A Look at UC Berkeley’s Bioengineering

Have you ever considered a degree in bioengineering? The principle of engineering is taken to develop the solutions for health care products. The National Health Institute defines bioengineering as “the application of the life sciences, mathematics and engineering principles to define and solve problems in biology, medicine, health care, and other fields.”

The primary goal is to diagnose, prevent, and perhaps treat diseases in our society. The career field for this major is diverse and most people work for pharmaceutical or medical device companies.

One of the top leading bioengineering programs is in University of California Berkeley. According to U.S. News & World Report, its undergraduate program ranks 9th and the graduate program ranks 7th in the United States. The competitiveness for this major is brutal.

The average GPA of accepted students is 4.50 and the acceptance rate is only 9.7%! The engineering department itself is ranked third. Of course, the school as a whole consistently comes in top place in many different aspects. The highly ranked bioengineering major is due to several reasons.

First of all, it provides students with a variety of hands-on experience and group projects, the school collaborates with the major biotechnology companies in the Bay Area, and the students are provided many opportunities to significantly interact with their professors.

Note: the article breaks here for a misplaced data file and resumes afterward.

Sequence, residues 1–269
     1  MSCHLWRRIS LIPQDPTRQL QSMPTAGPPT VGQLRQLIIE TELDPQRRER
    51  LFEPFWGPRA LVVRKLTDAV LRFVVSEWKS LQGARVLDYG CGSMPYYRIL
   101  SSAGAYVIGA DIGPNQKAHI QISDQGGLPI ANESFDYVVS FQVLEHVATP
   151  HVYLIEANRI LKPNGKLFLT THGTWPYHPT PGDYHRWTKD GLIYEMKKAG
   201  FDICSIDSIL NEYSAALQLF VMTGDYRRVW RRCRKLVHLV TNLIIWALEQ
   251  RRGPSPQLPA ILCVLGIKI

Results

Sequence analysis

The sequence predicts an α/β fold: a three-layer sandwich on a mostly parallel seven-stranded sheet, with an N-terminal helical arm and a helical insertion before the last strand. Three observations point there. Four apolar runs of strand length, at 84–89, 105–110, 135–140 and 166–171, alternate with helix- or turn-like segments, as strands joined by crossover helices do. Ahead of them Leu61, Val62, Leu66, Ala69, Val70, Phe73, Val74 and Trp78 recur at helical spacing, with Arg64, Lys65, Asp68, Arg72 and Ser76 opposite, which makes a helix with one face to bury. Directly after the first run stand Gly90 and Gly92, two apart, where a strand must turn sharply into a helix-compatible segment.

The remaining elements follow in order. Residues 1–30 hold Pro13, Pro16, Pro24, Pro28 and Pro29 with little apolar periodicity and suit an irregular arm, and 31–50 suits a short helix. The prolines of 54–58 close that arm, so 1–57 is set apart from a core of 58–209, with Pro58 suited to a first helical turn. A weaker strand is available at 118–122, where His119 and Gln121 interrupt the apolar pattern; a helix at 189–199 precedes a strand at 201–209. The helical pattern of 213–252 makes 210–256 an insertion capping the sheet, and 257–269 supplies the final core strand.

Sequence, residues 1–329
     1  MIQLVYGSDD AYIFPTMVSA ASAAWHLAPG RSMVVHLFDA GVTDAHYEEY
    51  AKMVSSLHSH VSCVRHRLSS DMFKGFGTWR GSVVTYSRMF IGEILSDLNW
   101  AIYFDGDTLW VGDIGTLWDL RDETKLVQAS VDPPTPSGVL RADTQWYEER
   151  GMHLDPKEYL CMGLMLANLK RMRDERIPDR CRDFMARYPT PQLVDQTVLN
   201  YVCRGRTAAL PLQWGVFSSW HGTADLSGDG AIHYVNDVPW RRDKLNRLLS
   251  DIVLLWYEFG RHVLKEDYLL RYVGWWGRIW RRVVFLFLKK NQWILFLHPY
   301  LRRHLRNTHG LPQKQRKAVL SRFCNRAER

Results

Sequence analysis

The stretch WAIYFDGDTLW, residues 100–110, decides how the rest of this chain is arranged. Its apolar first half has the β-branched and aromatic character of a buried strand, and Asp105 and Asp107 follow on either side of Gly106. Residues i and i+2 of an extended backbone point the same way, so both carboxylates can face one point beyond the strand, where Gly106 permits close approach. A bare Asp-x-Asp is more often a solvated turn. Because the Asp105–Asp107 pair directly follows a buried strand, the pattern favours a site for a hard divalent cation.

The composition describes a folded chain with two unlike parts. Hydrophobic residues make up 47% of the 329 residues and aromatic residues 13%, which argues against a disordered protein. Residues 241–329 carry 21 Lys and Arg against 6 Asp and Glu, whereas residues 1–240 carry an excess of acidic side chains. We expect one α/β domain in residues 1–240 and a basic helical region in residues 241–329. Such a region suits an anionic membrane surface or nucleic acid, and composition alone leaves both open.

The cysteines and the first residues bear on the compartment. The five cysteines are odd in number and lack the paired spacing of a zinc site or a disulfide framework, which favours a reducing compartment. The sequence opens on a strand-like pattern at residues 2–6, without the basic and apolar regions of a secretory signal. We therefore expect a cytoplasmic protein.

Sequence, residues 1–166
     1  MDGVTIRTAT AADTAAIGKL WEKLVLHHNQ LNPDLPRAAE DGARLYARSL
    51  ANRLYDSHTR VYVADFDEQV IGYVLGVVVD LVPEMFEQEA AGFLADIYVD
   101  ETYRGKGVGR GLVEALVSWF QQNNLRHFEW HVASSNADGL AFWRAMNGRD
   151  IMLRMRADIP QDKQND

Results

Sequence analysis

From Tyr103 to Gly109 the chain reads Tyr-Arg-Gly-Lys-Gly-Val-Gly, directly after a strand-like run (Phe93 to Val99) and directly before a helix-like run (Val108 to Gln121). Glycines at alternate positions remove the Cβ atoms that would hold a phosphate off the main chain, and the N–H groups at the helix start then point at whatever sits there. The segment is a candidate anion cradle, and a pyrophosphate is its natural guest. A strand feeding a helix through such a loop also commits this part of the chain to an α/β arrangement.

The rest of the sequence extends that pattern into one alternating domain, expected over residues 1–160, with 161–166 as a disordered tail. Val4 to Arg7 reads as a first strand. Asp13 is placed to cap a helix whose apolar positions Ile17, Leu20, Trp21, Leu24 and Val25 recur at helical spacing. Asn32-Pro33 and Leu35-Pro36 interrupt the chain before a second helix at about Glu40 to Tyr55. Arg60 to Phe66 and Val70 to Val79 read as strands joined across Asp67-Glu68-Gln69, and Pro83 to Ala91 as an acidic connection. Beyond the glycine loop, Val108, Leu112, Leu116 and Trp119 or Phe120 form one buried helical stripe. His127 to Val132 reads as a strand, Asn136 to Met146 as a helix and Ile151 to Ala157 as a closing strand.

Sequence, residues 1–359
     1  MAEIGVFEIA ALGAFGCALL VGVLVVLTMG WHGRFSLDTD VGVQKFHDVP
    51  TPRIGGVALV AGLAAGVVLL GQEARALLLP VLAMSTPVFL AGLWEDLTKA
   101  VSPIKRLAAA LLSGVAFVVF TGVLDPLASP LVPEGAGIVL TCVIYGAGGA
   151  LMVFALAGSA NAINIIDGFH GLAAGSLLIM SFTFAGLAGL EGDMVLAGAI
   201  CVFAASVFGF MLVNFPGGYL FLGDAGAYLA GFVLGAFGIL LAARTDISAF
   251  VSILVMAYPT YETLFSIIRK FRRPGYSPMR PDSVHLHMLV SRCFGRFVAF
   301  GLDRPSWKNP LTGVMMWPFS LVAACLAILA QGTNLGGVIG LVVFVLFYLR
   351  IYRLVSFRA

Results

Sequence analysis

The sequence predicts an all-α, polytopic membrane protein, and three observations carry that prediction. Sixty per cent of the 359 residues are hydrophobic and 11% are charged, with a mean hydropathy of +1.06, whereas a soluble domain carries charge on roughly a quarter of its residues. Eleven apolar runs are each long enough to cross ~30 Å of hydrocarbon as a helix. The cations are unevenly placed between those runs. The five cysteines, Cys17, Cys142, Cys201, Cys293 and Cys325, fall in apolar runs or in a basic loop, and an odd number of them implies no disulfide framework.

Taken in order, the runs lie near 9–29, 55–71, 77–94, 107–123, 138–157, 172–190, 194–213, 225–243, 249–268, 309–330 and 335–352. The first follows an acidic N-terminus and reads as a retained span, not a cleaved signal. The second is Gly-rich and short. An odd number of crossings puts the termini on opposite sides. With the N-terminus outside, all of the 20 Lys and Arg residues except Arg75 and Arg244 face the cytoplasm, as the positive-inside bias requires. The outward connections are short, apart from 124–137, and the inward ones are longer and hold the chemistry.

Earning your bioengineering degree at UC Berkeley will definitely open your gates to some of the greatest career routes. By 2018, the Federal Bureau of Labor Statistics project that job positions in this field will increase by 20%.

Do you love both science and technology? Do you have the creativeness to invent a cure to a disease?  Just think about how you could significantly increase the quality of life in our health care. You could create artificial organs, increase the quality of life in elderly patients, and create some of the best medical information systems. The best thing about a career in this field is the challenge of innovation to improve health care and medicine. 

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